Private companies will be asked to develop the ships that could help European astronauts to reach the Moon, the European Space Agency (ESA) announced.
ESA director general Josef Aschbacher told a meeting of EU space ministers this week that “a new economy is developing in low Earth orbit that will transform space exploration”.
“Private companies are revolutionising the landscape from launchers to exploration,” he added.
The ambition, eventually, will be European astronauts on a European capsule on a European rocket, the ESA chief said.
Speaking at the start of the meeting in Seville, Spain he said: “The launcher challenge … will stimulate new European commercial space transportation services.
“It will lower the cost of public funding and stimulate a new market for European space entrepreneurs.”
Mr Aschbacher, Europe's top space official, said there was “light at the end of tunnel” in efforts to bring the delayed Ariane 6 to the launch pad and restore Europe's independent access to space.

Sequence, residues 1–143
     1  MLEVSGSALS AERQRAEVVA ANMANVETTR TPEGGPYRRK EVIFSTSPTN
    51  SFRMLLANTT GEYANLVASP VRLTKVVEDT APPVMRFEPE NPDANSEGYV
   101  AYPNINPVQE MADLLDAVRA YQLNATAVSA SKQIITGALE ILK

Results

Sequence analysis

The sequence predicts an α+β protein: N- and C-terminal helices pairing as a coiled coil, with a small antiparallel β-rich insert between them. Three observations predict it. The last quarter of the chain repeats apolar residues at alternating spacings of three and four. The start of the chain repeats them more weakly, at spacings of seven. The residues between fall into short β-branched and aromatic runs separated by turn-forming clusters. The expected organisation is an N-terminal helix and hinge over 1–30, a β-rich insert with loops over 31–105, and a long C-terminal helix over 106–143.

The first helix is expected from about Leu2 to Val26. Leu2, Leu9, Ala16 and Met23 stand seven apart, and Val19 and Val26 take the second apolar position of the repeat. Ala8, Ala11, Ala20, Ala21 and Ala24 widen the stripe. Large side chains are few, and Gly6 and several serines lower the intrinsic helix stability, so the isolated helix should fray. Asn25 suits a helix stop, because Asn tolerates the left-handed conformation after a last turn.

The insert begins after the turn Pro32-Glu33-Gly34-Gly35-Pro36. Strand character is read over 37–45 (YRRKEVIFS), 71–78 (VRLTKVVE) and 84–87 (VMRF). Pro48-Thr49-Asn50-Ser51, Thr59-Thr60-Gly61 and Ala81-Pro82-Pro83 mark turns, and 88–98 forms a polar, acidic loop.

Europe's new heavyweight launch vehicle has been delayed by technical glitches, leaving the continent relying on Elon Musk's SpaceX for some launches until some time in 2024.
“We are in a launcher crisis … this is something that is highly critical for Europe,” Mr Aschbacher said.
“I think it is fair to say we are seeing light at the end of the tunnel. We are hopeful that we are on a good path for the first flight,” he added.
Mr Aschbacher was speaking as governments consider the next phase of funding for the new launcher.
The ESA's 22 countries have agreed funds for an inaugural test flight and 14 operational missions. Now, they are seeking an accord on the next phase of “stabilised” operations, covering flights 16 to 42.
There has been progress in narrowing differences between the three largest launch partners – France, Germany and Italy – in recent days, but that any funding round would depend on agreement from smaller countries, sources told the AFP news agency.
The previous generation of rocket for heavy payloads, Ariane 5, was retired in July. The smaller Vega C has been grounded after a failed launch.
Europe's other possible path to space, the Russian Soyuz programme, was interrupted by Russia's invasion of Ukraine.
Those developments have left Europe scrambling to close the gap in launch capability as space increasingly becomes an arena for economic and strategic competition.
A task force comprising the heads of ArianeGroup – the Airbus/Safran joint venture responsible for building Ariane 6 – operator Arianespace, French space agency CNES – which runs the launch pad – and the ESA meets every 10-14 days.